Some Seattle-area schools closed as more states hit with COVID-19

Late yesterday officials in the Seattle area took more steps to limit the spread of COVID-19, including closing all schools in the Northshore school district near Seattle for at least 14 days and providing online instruction for more than 23,000 students, the Seattle Times reported.

At least 26 schools in the district have reports of exposed students, and administrators reported a high absenteeism rate—about 20%—on Wednesday as parents kept their children home out of fear over the spreading disease.

The Seattle Times in a separate story reported that affected counties King and Snohomish have 70 cases, including 11 deaths. Total cases rose by 31 since yesterday.

Many Washington state cases are linked to the Life Care long-term care facility outbreak in Kirkland, Washington. The latest death was in a woman in her 90s who was treated at EverGreenHealth in Kirkland.

Public health officials in King County issued new recommendations intended to contain the spread of the novel coronavirus, including advising people 60 and older, pregnant women, and those with underlying health conditions to avoid public gatherings. The county said workplaces should encourage working from home if feasible, but it stopped short of making a recommendation to close all schools.

Neighboring Snohomish County officials, in a press conference today, also recommended limiting mass gatherings and advised people to stay home if sick. Officials said buses in the county are being sanitized today, and two senior centers are closed. Officials encouraged telecommuting, but also said school closing would not be declare until it was clear such closing would interrupt transmission.

This week Amazon, Facebook, Google, and Microsoft are some of the major Seattle companies to announce work-from-home policies for staff.

New York, California report more infections

New York Governor Andrew Cuomo said today on Twitter that New York has 11 more cases than yesterday, raising the state's total to 22. The new cases include 8 in Westchester County—the site of at least two family clusters—2 cases in New York City, and 1 case in Nassau County.

"With these new cases we are doing the same thing as we have done with the other cases: Tracking down people who have had contact with the known positive coronavirus cases," Cuomo tweeted. "We are trying to contain as much as possible the spread of each case we find—but we expect more cases."

At least one of two presumptive positives announced in New Jersey are related to the Westchester County cluster, according to local media reports.

San Francisco announced its first two cases, both involving community spread. The patients, a man in his 90s and a woman in her 40s, are both hospitalized and unrelated to each other.

Last night California declared a state of emergency as the Grand Princess cruise ship was being held off the San Francisco coast after a passenger who had been aboard the ship last month died, and 21 other passengers were showing symptoms. The boat traveled to California from Hawaii.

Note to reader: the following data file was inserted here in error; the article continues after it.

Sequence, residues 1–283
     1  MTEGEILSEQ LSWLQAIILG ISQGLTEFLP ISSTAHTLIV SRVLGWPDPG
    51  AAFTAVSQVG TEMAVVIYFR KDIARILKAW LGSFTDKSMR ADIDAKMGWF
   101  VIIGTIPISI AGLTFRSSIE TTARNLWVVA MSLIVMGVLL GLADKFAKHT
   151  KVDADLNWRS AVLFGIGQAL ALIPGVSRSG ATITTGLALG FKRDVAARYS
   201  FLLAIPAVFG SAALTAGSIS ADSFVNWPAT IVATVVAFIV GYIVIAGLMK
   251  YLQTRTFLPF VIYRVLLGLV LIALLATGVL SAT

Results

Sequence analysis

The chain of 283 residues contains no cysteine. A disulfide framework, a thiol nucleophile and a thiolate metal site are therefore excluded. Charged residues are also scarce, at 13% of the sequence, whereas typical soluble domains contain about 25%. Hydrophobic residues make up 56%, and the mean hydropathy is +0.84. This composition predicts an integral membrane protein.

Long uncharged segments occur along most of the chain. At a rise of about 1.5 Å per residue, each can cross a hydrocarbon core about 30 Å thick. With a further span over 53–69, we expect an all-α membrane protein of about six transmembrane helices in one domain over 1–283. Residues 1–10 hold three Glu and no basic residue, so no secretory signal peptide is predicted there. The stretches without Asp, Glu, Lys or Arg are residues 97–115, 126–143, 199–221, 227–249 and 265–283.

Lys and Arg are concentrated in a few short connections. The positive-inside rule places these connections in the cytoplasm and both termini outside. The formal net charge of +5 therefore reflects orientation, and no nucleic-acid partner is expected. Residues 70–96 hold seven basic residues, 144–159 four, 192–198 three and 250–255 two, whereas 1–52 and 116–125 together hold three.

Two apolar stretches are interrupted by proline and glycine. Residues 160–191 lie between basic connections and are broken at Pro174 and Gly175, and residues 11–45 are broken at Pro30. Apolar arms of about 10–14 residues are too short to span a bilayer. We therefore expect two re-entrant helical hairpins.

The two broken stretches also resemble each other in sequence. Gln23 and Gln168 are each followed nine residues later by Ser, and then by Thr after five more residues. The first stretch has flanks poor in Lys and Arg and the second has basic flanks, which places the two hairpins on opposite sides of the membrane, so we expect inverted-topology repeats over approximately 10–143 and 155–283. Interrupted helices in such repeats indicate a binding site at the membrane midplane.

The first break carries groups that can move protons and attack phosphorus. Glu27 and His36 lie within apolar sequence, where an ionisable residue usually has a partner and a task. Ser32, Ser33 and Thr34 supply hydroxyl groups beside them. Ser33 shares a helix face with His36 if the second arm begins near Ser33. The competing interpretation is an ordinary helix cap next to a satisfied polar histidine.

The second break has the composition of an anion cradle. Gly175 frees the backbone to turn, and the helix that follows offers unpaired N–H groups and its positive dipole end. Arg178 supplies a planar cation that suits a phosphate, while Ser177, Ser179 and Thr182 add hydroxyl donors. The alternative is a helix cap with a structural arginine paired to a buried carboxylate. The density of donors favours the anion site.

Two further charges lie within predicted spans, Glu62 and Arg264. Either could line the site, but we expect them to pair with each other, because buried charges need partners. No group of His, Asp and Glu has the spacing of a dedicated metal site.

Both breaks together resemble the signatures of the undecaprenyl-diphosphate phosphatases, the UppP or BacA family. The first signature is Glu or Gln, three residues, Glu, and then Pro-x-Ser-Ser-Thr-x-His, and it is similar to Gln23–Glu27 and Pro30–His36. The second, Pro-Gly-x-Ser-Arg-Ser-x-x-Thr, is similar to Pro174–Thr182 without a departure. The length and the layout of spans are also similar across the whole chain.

California Governor Gavin Newsom said officials were delivering test kits to the ship, and samples will return to California for testing via helicopters.

Tennessee, Texas note first local cases

Tennessee announced its first case this morning, in Nashville, involving a man who is being treated at home. The patient was a frequent traveler and became sick after returning from Boston.

Texas also reported its first case not involving repatriated Americans. The patient is a resident of Fort Bend County who recently returned from travel abroad and is isolated at a hospital. The Texas Department of State Health Services said the risk to most Texans is still low.

According to Johns Hopkins University's COVID-19 tracker, the United States has 215 COVID-19 cases in 18 states, including 12 deaths.

Budget ready for Trump to sign; Pence visits 3M

Today the US Senate approved an $8.3 billion budget package for the coronavirus response, and the bill is expected to be signed by President Trump tomorrow.

The US Department of Health and Human Services (HHS) also said today it intends to buy 500 million N95 respirators over the next 18 months for the Strategic National Stockpile.

"Through guaranteed orders, this acquisition encourages manufacturers to immediately increase production of N95s for use by health care professionals," HHS said in a press statement. "These guaranteed orders offer reassurance to manufacturers that they will not be left with excess supplies if private sector orders are cancelled once the COVID-19 response subsides. Manufacturers typically avoid ramping up production without such a guarantee."

Today Vice President Mike Pence visited 3M in St. Paul, Minnesota, which produces N95s.

"At the president's direction we're going to continue to lean into this," he told reporters, referring to the federal response to the virus.

Finally today, Scott Becker, the CEO of the Association of Public Health Laboratories (APHL) tweeted that 67 public health labs are verified and testing across the country, up from 8 a week ago.

"By early next week, large commercial labs such [as] Quest and @LABCORP will also be online, as well as more and more high complexity clinical labs in healthcare settings," he wrote. "Testing capacity is greatly expanded. Many thanks to all the partners. We are all in this together."

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